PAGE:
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Natural Consequences For Toddlers

Updated: May 4, 2022

Natural Consequences are an absolutely brilliant way for children to learn on their own, WHEN possible. Anything that a child can learn on their own without our involvement is going to be really good learning experience for them, provided that it is done in a SAFE WAY.


If your toddler has made a mess with their toys, the natural consequence is that the mess is to be cleaned up by the child and they refuse to do so the consequence could be the removal of those toys OR they can not move onto the next task until its been done, you can choose one of these two options.

If your toddler hits their sibling, then the natural consequence is to separate the toddler from their sibling. Explain to the toddler that their sibling does not want to play with them when they act like that and offer your attention to the child who is on the receiving end of the hit.

If your toddler gets out of bed and comes out of their room before the GRO clock has changed, the natural consequence is that the child has to go back into their room. If you accept your child leaving the room before the clock then the clock has not meaning and it will be continually ignored. Do not assume that your child does not respond well to the clock, instead you need to give your child the chance to learn and understand the clock and the rules that you are setting that go along with it.

I find that sometimes parents get themselves in a pickle in the heat of the moment and say random things. ]As an example: “you didn’t follow the clock, so therefore you’re getting any screen time today”. Those two things have absolutely nothing to do with one another.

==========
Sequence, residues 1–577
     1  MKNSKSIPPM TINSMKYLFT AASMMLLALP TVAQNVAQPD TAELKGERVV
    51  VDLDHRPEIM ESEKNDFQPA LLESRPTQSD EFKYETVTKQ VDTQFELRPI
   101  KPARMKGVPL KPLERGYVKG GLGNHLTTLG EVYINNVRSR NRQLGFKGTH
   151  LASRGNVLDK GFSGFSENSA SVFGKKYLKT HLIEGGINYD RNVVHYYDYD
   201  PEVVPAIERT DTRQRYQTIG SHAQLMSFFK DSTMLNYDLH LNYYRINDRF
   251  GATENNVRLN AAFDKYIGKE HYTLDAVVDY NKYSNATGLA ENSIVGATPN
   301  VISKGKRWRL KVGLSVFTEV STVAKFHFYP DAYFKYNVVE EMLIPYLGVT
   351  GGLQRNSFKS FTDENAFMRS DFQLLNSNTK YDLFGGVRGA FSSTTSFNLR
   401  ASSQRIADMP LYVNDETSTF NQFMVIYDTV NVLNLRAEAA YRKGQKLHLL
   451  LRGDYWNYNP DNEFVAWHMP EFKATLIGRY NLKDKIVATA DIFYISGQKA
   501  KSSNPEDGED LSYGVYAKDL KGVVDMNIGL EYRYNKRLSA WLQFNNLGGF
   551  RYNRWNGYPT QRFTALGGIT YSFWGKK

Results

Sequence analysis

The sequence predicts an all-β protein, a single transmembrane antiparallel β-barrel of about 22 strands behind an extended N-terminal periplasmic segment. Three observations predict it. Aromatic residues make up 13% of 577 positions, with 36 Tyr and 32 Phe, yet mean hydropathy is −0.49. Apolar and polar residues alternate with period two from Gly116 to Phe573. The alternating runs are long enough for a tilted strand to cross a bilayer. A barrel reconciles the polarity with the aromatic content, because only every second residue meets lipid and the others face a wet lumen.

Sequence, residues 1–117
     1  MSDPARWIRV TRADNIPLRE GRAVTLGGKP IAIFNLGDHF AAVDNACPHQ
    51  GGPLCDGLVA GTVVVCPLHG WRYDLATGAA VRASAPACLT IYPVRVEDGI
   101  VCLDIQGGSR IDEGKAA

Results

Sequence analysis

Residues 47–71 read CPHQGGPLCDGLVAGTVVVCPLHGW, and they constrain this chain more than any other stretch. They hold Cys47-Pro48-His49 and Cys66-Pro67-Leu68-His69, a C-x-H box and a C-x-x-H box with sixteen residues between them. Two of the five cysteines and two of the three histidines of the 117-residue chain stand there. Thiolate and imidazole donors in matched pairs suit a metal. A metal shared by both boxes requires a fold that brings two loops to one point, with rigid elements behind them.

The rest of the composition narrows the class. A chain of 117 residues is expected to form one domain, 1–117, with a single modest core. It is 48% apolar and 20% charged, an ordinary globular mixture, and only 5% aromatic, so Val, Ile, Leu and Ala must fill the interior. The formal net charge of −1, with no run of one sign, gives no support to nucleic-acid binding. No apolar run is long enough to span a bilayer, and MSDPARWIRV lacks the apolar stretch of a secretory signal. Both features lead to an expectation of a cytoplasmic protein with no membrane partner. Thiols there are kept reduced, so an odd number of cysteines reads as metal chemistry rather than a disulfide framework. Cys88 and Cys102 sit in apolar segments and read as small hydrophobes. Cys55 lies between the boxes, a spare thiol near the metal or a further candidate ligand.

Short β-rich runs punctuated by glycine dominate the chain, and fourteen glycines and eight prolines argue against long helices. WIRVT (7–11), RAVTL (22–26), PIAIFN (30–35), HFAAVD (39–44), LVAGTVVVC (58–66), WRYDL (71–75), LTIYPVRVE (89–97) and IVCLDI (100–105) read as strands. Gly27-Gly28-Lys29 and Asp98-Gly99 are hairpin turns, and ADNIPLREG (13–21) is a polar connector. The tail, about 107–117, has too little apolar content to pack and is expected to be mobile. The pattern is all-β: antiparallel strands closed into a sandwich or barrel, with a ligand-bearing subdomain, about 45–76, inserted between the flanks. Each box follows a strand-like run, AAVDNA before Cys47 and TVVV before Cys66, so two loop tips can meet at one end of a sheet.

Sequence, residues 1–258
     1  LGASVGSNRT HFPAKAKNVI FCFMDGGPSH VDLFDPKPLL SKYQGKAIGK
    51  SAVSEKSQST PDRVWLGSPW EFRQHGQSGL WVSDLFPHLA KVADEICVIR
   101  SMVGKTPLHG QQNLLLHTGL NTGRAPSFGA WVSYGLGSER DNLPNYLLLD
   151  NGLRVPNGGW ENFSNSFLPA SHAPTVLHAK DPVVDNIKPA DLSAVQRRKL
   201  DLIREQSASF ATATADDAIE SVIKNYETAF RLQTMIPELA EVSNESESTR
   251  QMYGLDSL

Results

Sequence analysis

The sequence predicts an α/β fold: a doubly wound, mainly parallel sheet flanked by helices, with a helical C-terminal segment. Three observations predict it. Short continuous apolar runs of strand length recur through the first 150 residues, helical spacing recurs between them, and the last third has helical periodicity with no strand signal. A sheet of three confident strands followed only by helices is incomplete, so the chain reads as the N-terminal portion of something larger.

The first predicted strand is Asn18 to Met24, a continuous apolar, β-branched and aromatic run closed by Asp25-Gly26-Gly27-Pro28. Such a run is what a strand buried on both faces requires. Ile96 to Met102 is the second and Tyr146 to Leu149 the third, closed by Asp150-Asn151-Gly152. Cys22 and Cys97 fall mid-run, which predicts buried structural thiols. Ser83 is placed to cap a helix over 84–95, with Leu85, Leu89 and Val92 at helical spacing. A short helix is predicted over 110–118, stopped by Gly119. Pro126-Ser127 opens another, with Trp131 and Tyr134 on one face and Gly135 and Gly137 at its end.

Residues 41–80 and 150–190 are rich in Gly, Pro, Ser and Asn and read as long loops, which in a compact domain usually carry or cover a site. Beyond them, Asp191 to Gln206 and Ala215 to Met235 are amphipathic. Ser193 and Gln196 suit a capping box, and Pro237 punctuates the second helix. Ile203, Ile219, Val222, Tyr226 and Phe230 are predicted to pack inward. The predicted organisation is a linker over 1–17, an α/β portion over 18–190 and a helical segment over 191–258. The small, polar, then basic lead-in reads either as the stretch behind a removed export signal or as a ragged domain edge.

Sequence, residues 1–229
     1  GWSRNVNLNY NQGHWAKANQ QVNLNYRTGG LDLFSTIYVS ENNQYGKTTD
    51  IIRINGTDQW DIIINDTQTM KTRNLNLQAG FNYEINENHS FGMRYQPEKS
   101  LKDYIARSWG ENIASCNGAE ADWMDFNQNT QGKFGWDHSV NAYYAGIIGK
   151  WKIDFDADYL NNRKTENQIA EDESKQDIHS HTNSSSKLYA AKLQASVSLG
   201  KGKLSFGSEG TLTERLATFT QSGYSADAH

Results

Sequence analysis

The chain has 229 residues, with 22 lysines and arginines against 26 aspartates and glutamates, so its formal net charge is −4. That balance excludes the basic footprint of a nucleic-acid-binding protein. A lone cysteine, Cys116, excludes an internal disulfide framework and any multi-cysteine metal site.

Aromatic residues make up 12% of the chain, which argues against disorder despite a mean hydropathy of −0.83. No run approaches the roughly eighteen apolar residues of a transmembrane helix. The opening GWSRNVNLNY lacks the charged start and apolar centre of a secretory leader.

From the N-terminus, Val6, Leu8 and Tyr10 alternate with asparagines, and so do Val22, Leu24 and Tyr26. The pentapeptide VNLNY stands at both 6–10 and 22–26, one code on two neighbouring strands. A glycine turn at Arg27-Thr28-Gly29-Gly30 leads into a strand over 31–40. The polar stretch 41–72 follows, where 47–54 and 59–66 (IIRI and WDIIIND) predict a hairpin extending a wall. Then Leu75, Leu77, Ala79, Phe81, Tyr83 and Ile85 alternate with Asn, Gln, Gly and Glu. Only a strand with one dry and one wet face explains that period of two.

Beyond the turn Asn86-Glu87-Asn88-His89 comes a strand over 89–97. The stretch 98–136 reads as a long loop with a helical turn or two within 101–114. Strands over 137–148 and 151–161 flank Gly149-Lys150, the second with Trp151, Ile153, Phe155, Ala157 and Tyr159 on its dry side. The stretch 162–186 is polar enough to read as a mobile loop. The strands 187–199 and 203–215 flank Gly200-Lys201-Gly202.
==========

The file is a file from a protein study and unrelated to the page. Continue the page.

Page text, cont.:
They won’t make sense to the child as they have not asked for or are looking for a screen in the moment, they are looking to leave their room. You as a parent really need to think about what it is the child is trying to do. The natural consequence needs to be related to that exact behaviour.

“My child JUST DOES NOT listen to me”, is a common thing I hear from parents.

Children cannot multitask like adults do. The first thing questions I would ask are 'did the child even hear you in the first place? - Did you look them in the eyes when you were talking to them?'

You as the parent have to follow through as well. You as the parents have to make sure that you are helping and assisting the child to follow through with the task.

“OK you need to go and get dressed”, the child might go into their room and get distracted VERY easily. You’ve told them to go get dressed, you think they are getting dressed, but they have eyeballed their crayons and are not just colouring!

You may need to micromanage slightly to get these tasks done in the early years. Go into their room with them get their clothes out, “now let’s do this, now let’s do that”, so the child is getting a little bit of support as well until the routine becomes more ingrained.


I know of many parents who want to choose their battles, and this is a great example of when you are deeply natural consequences. Your child doesn’t want to put their coat on to leave the house…ok, dont get into it, just bring the coat with you. Your child will likely get cold and ask for their coat! Natural consequence - No coat = I'm cold.

Let your child have a natural learning experience, the natural consequence to their own decision and let them learn for themselves! It’s a good way for them to learn without your child coming to harm and without you pulling your hair out in a battle that didn't have to be.

As long as the child is safe and well. It’s going to do them good in the long run.

Of course, there are times when you cannot use natural consequences. For example, when it comes to safety. There’s just no way we can allow a child to not sit in their car seat because they are having a melt down about having to be strapped in. We HAVE to put them in the car seat.

Dawn Whittaker is a a Mum of 3, and former nanny - Need help with your toddler? Book a quick fix, a chat through zoom with some email support to get you through the tough times.

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